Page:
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Hezbollah has been particularly active in both Canada and the United States. One of those arrested in Canada was Mohammed Hussein al-Husseini, arrestedin March 1997. In seeking to deport al-Husseni, who arrived in Canada in 1991 without travel documents and who was immediately granted refugee status based on his fear of prosecution in Lebanon, Canadian authorities filed an extensive memo in 1993 detailing his involvement with Hezbollah. In interviews conducted by Canadian authorities, al-Husseini admitted that he was a member of Hezbollah and "provided information, which revealed a great deal of knowledge of the inner workings of Hezbollah, including names and positions of Hezbollah officials." In addition, when asked about the existence of Hezbollah in Montreal, he stated flatly, " Hezbollah has members in Montreal, Ottawa, and Toronto--in all of Canada." Al- Husseini provided extensive material on the modus operandi of Hezbollah, from the tasking of its missions in Iran to the support it has enlisted in specific Canadian Islamic centers. One of the most interesting pieces of information he provided was that video of potential Canadian targets was taken by Hezbollah members in Canada and sent back to Hezbollah headquarters in Lebanon for contingency planning in the event that Hezbollah would want to target Canada. After being granted refugee status, al-Husseini flew back to Lebanon in August 1993--and returned to Canada in early September 1993, this time with a new Lebanese passport, which revealed a US visa issued to him in Montreal on May 20, 1993. An entry stamp to the United States was dated September 1, 1993. (Baker, Raymond William (2003)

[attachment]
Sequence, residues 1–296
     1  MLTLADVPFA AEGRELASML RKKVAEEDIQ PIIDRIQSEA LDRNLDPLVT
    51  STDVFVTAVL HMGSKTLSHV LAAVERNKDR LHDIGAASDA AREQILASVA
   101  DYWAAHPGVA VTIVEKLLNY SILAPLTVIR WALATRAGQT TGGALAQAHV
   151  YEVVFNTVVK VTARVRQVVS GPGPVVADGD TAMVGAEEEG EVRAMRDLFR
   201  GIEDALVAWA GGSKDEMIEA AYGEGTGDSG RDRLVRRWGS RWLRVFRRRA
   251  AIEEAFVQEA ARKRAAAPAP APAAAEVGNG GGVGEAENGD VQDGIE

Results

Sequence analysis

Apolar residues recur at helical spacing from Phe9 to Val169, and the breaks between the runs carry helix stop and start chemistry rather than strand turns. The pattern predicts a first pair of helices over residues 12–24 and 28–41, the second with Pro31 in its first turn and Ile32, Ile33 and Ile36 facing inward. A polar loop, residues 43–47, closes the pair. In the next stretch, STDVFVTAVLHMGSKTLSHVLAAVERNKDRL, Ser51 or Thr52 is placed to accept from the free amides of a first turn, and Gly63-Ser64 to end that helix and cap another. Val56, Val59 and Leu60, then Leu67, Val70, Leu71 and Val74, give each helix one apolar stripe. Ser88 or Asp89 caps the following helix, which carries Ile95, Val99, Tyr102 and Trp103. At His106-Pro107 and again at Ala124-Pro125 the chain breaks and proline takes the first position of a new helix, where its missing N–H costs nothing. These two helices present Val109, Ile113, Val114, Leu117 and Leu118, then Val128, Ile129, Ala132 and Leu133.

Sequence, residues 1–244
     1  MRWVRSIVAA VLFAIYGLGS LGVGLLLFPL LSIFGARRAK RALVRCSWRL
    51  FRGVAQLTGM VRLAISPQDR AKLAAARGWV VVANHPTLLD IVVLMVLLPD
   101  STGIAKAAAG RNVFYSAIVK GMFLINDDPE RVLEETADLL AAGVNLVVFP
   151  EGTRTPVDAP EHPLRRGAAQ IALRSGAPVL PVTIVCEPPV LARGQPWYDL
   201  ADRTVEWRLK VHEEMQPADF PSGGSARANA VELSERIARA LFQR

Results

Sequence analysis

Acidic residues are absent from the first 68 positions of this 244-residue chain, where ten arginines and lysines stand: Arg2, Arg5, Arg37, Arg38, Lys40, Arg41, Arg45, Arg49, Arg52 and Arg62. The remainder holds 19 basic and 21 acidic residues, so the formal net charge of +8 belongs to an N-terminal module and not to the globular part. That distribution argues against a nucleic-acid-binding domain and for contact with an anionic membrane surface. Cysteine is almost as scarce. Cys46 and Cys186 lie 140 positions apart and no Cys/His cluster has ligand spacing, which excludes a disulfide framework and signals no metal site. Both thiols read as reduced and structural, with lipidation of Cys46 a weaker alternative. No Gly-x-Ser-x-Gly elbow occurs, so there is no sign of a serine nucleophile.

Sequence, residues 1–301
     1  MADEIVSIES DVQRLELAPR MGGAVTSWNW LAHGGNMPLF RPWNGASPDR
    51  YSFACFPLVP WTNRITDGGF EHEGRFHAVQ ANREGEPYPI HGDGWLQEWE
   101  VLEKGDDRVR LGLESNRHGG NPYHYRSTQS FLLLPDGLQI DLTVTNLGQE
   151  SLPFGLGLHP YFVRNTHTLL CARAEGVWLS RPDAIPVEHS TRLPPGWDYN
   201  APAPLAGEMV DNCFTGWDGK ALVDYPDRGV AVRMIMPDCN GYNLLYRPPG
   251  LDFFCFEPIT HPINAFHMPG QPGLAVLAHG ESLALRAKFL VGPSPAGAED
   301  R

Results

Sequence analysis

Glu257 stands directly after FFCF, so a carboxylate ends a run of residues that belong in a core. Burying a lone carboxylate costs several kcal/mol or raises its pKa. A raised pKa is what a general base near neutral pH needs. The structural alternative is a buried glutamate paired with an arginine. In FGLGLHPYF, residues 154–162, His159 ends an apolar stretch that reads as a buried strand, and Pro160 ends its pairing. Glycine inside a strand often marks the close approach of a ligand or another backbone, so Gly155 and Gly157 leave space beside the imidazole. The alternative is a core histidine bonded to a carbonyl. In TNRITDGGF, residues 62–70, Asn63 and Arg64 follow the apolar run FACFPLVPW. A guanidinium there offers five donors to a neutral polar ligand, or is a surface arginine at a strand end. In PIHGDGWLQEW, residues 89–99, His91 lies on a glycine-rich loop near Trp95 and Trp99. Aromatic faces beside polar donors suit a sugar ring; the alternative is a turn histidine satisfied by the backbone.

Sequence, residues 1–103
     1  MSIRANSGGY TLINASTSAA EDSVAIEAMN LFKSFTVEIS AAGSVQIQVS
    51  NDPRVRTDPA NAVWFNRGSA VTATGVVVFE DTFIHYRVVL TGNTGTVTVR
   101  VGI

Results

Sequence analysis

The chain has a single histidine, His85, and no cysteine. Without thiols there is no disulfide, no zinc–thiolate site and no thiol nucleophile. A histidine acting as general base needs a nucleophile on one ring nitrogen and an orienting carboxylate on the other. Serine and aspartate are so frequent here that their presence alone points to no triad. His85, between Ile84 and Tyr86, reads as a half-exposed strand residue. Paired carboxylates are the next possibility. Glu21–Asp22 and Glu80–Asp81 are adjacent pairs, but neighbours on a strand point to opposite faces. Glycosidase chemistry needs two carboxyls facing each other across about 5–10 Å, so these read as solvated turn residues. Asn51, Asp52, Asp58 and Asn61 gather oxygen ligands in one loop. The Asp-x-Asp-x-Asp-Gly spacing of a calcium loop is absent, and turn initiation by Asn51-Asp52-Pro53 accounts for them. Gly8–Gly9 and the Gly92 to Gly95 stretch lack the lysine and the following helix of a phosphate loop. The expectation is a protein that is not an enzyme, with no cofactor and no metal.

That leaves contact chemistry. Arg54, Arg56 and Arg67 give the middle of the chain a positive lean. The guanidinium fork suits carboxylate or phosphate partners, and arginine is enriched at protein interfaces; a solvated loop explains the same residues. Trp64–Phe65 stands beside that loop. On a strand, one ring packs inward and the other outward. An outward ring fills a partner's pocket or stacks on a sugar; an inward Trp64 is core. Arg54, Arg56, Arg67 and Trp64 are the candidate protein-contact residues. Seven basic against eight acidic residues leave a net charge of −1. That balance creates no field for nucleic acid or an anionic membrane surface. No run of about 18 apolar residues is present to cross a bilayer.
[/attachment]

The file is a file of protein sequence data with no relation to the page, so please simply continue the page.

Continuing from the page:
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In 1997, Canada charged two Saudi-born men who had entered Canada the previous year with being members of Islamic terrorist organizations. One of them was Hani Al-Sayegh, accused of being a member of the Saudi branch of Hezbollah and being an active participant in the Khobar Towers bombing in Saudi Arabia on June 25, 1996 that killed 19 Americans. Al-Sayegh arrived in Canada on August 16, 1996 from Kuwait. However, he first traveled to Italy and then to Boston, where according to US intelligence officials, he made contact with members of an Islamic terrorist group. From Boston, he went to Canada. According to documents filed by Canadian authorities, "conducted surveillance at the site of the [Khobar] bombing. On the day of the bombing, he was the driver of the car which signaled the explosives-laden truck to enter the parking lot." After entering into a plea agreement with the US Department of Justice, Al-Sayegh agreed to be extradited to the United States, where he was to plead guilty to a charge of conspiring to kill US nationals in exchange for a ten-year sentence. However, after arriving in the United States, Aal-Sayegh withdrew his plea agreement and in the absence of admissible corroborative evidence, the Department of Justice was forced to withdraw its charges. Al-Sayegh was subsequently deported to Saudi Arabia. Canadian authorities have been courageously open about the degree to which their country has become a base of operations for terrorists. While certain components of Canadian policies, such as the ease in which terrorists have entered Canada in recent years, are glaring in their absence of proper oversight, the willingness of Canadian intelligence and law enforcement to publicly acknowledge the problem on Canadian soil should be applauded. The most recent report, Terrorism 2000/2001, by the Canadian Intelligence Security Service on December 18, 1999, and which can be read on the Internet makes for very instructive and important reading.